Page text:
If the Phillies are going to advance to their third World Series in 4 years, they just might have to do it in a manner that defies precedent.

Ruben Amaro Jr. expressed a strong belief yesterday that he will not be making a significant move before the July 31 trade deadline. And there is reason to believe that he isn't simply feigning disinterest, as he has the past couple of winters before signing Roy Halladay and Cliff Lee to free-agent contracts. The recent admission that the Phillies are currently noncompliant with baseball's income-to-debt ratio gives plenty of credence to their claim that they are short on disposable revenue. And despite his history of offseason misdirection, Amaro has been relatively forthcoming about his wish list for the past couple of trade deadlines.

This year?

"I wouldn't expect it," the general manager said.

That means no upgrade to an offense that entered yesterday eighth in the league in runs, which means no righthanded bat to add to the lineup, which means the Phillies will need some significant internal improvement to avoid a power imbalance that no World Series team has possessed in the past decade.

Not since the 2000 Yankees has a team won a League Championship Series without a righthanded hitter who finished the season with more than 21 home runs. Since then, only four teams advanced to the World Series without at least one hitter on each side of the plate who posted an OPS (On base percentage plus slugging percentage) of over .820: the 2003 Marlins, '05 Astros, '05 White Sox and '06 Tigers.

But the other 16 featured significant power from both sides of the plate, from the '10 Giants (righties Pat Burrell, Juan Uribe and Buster Posey, lefty Aubrey Huff) to the '08 Rays (righty Evan Longoria, lefty Carlos Pena) to the '07 Rockies (righties Matt Holliday, Garrett Atkins, Troy Tulowitzki, lefties Todd Helton, Brad Hawpe) to the '02 Angels (righties Troy Glaus and Tim Salmon, lefty Garret Anderson).

Entering yesterday, the Phillies did not have a single player with an OPS above .820, and only two with an OPS greater than .750 (switch-hitter Shane Victorino at .812 and lefty slugger Ryan Howard at .803). Only Howard, with 13 home runs, had a strong possibility of reaching 20 (he was on pace to finish with about 34). Raul Ibanez, who entered yesterday with eight, could get there. But both are lefties, as are power-hitting second baseman Chase Utley and rookie rightfielder Domonic Brown.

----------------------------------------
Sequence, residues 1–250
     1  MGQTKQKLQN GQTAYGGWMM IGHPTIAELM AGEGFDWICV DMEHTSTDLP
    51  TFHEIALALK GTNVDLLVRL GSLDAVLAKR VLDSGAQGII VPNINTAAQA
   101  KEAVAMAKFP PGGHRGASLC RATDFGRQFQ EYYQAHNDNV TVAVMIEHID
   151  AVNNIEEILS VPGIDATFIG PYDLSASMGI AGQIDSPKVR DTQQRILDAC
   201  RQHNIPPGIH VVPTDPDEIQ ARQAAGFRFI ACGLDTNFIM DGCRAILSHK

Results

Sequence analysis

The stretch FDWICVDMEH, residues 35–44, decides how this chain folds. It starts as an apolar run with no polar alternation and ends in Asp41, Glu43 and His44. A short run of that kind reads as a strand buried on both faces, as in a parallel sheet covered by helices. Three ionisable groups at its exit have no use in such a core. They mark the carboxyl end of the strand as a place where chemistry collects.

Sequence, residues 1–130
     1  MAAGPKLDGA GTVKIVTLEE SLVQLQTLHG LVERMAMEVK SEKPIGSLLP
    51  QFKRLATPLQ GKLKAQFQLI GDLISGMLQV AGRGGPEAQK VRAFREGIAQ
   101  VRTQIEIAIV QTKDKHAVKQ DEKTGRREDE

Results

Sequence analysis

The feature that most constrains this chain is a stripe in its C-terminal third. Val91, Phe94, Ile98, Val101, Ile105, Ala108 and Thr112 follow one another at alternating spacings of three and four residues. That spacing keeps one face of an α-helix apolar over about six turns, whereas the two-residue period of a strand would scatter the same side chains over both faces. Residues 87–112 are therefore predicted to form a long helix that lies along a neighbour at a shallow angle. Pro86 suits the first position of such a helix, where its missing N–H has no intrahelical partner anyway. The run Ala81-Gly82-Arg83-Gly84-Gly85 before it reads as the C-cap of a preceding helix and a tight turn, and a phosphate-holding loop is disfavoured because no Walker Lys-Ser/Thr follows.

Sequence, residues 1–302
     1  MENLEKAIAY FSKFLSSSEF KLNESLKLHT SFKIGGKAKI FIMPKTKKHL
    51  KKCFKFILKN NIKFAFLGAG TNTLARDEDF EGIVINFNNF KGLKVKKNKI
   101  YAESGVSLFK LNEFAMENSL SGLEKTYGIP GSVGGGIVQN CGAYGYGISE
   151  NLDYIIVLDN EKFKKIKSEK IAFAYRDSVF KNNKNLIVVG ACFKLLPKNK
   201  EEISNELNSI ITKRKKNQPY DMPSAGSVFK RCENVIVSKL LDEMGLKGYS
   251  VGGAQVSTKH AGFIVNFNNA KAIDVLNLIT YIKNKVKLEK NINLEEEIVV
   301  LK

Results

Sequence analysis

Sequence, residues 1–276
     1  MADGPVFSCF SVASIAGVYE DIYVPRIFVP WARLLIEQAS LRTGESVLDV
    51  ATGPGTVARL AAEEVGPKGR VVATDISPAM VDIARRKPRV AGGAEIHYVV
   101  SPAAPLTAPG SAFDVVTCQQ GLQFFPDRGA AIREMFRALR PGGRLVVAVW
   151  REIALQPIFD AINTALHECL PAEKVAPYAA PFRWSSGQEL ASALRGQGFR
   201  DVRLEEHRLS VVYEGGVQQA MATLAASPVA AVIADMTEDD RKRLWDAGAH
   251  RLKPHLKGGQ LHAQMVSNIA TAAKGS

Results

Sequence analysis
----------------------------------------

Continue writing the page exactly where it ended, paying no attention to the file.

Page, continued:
The Phillies' top righthanded hitter has been Placido Polanco, whose .750 OPS trailed only Howard's and Victorino's. But Polanco is a not a serious home-run threat. Ben Francisco, now a fourth outfielder who entered yesterday hitting .224 with a .716 OPS, led all Phillies righties with six home runs.

Amaro said he thinks the Phillies have enough balance. Victorino entered yesterday with four home runs in 36 at-bats against lefthanded pitching this season and had hit .299 with an .873 OPS against them in his career. Last night, he batted fifth. Jimmy Rollins has posted slightly better, but hardly Ruthian, power numbers from the right side of the plate over the last 3 years (13 home runs and a .424 slugging percentage in 448 at-bats).

Among the righthanded bats who could be available, Oakland outfielder Josh Willingham would make a lot of sense. But he would be owed slightly in the neighborhood of $2.5 million for the rest of the season, and it sounds like the Phillies would have difficulty supporting even that kind of salary.

"We've got plenty of power," said Amaro, who added that the Phillies made their big move in the offseason with the signing of Cliff Lee. "They haven't hit with power. But we have it. They haven't performed like they can, yet. But they will."

And if they don't?

"Then we'll live with it," he said.

Few teams have been able to. On the other hand, few, if any, teams have had the Phillies' rotation.